# Why generation is 11kv in the power stations ?

Designing any component in power system be it a transformer or a generator or any other component has basically two constraints, conductor size (copper) and insulation. Conductor size being dependent on current level, insulation depends on the voltage level of the device.

So for a particular power rating, it is the job of the engineer to decide a trade off between the two factors, thereby minimizing cost and losses.

P= root (3) V x I x Cos(theta) is valid for a 3-phase network. Now for minimizing losses across the line (which is proportional to I^2*R) it is always intended to minimize the current by transmitting the power at a higher voltage (220 kV, 400 kV, 765 kV etc) as I is inversely proportional to V for the same power.

So one must be thinking that it is wise to generate power at very high voltage (220 kV) rather than stepping it up after generating at a low voltage (11 kV, 22kV, 25 kV etc). After all, we will be using the same amount of insulator in the transformer itself.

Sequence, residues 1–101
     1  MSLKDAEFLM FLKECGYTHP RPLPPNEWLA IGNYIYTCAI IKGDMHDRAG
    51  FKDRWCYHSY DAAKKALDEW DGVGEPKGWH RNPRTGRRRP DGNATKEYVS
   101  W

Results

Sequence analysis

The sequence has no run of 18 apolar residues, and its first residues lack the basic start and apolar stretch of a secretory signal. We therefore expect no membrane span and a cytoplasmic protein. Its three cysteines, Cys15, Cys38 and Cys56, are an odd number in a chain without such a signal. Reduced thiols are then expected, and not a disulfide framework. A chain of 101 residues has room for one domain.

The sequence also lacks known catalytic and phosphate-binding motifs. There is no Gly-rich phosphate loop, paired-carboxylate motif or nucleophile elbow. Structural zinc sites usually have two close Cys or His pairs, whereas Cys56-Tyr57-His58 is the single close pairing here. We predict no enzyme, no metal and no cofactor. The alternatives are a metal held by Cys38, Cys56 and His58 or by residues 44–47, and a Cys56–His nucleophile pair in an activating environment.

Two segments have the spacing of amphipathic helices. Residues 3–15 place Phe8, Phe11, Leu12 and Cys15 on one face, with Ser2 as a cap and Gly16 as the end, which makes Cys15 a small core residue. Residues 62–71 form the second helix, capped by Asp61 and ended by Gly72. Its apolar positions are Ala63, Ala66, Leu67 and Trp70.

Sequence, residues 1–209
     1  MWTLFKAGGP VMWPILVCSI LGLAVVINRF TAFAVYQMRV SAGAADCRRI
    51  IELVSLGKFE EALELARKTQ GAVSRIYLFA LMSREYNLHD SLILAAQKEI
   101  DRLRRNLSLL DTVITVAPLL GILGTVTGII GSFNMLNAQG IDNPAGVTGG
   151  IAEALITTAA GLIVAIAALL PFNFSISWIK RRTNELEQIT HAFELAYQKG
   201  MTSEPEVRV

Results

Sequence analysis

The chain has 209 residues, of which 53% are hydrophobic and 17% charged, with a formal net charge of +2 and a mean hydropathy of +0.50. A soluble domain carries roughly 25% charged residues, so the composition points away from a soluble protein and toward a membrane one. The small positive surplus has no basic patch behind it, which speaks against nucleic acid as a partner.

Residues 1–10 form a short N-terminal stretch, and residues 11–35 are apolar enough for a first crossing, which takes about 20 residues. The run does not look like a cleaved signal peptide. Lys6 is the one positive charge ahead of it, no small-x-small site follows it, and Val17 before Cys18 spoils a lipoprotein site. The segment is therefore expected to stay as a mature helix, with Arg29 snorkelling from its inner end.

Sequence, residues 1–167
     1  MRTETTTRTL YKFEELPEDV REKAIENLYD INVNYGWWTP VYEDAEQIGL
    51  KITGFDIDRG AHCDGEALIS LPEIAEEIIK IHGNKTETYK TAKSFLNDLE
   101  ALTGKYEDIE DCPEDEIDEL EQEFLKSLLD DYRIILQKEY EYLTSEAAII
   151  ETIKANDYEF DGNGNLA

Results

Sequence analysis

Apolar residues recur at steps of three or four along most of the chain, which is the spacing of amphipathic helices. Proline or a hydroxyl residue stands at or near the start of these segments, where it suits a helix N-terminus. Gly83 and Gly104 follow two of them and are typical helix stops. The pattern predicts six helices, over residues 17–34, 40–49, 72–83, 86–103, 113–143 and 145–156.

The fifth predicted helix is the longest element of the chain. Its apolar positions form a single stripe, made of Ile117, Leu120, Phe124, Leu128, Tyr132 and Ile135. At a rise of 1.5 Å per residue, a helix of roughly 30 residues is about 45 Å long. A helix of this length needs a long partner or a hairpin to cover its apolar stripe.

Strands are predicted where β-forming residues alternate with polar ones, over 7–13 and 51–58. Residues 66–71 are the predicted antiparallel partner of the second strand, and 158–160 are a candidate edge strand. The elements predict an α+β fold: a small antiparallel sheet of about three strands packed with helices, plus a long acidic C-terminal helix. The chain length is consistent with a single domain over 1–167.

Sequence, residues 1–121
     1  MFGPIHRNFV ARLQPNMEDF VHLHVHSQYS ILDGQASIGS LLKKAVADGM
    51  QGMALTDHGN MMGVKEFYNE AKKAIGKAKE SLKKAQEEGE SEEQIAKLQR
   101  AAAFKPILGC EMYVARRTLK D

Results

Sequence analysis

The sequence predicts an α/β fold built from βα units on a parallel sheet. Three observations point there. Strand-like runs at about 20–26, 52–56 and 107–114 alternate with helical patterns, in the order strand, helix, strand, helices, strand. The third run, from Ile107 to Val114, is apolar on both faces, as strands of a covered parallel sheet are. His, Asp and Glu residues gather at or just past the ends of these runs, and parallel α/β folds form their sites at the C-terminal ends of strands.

One thing we must keep in mind that transformer is a static device and alternator is rotating device (may be at a speed of 3000 rpm for turbo generators). So installing that much amount of insulator may not only make the device bulkier but also imbalanced for normal operation.

It is cheaper to generate at a relative lower voltage and then step it up for transmission. Hence, most power generating plants are designed to operate at 11KV.

To generate at 33KV, the size of the motor might be twice as large as the size of 11KV generator. So it is better to have a multi stage step up for transmission if need be.

One plausible explanation I have encountered is that the apparent standardized voltage values of 3.3kV, 6.6kV, 11kV, etc are not necessarily, or intended to be, multiples of 11. Any fortuitous relationship to form factor is purely coincidental.

These values have their basis in formative development years of the Electrical Supply Industry when the adoption of the more rounded figures of 3KV, 6kV, and 10kV was made.

During this era, it was pessimistically assumed that the transmission lines would subtract around 10% of the input voltage level through power losses in the cable.

Therefore in order to compensate for this, the primary generation voltage would be; the required nominal voltage + transmission losses. E.g. 3000v + 300v = 3.3kVetc. and hence the off load generated voltages became 3, 6, 11 + 10%.